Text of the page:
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Several of the U.S.'s largest technology companies are in advanced talks with the Justice Department to avoid a court battle over whether they colluded to hold down wages by agreeing not to poach each other's employees.
The companies, which include Google Inc., Apple Inc., Intel Corp., Adobe Systems Inc., Intuit Inc. and Walt Disney Co. unit Pixar Animation, are in the final stages of negotiations with the government, according to people familiar with the matter.
The talks are still fluid, these people said, with some companies more willing to settle to avoid an antitrust case than others. If negotiations falter, both sides could be headed for a defining court battle that could help decide the legality of such arrangements throughout the U.S. economy.
Still, there are powerful incentives for both sides to settle the potential civil case before it reaches that stage.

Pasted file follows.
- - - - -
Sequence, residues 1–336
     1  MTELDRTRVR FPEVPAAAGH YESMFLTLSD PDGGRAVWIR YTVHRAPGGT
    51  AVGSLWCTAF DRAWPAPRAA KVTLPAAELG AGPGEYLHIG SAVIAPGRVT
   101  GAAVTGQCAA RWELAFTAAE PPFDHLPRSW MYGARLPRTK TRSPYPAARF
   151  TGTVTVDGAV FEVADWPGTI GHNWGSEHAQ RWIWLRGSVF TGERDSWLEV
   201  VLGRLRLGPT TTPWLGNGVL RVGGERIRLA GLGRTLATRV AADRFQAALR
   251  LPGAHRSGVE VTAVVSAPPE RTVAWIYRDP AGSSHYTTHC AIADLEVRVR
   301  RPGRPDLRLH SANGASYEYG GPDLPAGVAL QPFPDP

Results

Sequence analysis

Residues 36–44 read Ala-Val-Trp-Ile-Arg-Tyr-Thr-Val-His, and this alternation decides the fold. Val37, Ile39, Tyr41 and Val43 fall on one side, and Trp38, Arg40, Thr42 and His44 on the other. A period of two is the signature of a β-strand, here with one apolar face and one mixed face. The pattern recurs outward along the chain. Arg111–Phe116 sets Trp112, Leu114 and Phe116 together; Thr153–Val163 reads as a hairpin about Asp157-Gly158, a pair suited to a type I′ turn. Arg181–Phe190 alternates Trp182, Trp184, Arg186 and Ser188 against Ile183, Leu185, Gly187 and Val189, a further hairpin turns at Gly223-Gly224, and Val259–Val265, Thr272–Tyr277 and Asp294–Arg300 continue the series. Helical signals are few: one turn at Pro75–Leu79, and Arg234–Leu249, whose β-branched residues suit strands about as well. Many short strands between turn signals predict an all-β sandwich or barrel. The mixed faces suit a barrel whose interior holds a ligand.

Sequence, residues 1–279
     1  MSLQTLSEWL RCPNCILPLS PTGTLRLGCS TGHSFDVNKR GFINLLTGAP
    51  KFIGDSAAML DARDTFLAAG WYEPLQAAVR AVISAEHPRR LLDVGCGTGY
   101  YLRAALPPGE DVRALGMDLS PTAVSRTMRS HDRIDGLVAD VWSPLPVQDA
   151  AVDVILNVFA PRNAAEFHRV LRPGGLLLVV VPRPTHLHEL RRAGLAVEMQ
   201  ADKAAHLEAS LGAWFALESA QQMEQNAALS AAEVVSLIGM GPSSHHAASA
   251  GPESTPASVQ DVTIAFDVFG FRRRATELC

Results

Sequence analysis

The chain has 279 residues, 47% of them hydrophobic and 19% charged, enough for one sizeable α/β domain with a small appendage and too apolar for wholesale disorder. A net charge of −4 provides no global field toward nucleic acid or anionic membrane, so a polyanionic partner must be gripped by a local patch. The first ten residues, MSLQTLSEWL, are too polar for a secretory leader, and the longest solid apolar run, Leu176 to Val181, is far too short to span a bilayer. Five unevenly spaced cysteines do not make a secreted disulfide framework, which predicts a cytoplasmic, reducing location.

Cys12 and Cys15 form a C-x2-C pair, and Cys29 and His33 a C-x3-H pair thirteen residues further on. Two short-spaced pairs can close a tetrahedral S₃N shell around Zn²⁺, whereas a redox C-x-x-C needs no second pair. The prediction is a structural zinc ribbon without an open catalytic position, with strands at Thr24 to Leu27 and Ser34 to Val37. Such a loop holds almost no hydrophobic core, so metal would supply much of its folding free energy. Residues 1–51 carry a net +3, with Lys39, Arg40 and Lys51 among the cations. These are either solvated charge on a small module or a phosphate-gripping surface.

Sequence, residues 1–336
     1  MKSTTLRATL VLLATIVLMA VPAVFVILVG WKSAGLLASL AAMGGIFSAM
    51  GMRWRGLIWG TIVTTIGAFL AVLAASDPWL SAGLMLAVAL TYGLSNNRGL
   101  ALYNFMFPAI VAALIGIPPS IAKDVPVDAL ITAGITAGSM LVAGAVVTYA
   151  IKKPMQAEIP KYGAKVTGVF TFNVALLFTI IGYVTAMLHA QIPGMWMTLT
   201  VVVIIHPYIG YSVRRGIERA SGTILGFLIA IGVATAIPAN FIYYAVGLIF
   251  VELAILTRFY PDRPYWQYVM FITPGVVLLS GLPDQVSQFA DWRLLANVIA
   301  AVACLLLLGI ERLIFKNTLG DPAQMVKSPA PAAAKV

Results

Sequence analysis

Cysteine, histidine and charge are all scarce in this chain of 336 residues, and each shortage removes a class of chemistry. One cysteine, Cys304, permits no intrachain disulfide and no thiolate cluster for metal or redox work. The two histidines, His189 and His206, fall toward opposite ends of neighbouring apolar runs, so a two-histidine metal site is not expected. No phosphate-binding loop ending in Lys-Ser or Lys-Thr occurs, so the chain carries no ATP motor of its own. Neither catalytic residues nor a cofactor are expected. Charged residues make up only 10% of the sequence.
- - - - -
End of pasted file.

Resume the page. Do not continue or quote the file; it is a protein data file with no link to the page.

The Justice Department would have to convince a court not just that such accords existed, but that workers had suffered significant harm as a result.
The companies may not want to take a chance in court. If the government wins, it could open the floodgates for private claimants, even a class action by employees. A settlement would allow the Justice Department to halt the practice, without the companies having to admit to any legal violations.
Spokespeople for Google, Apple, Intel, Adobe and Intuit all declined to comment. Pixar had no immediate comment. A Justice Department spokeswoman also declined to comment.
The Justice Department's probe of hiring practices could reach beyond Silicon Valley.
Read more on the Wall Street Journal
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US investment in the Netherlands from 2000 to 2010 was nine times more than US investment in China during the same period. US investment in the UK was more than seven times more, and in Ireland nearly three times more, than in China. (Source: Transatlantic Economy 2011
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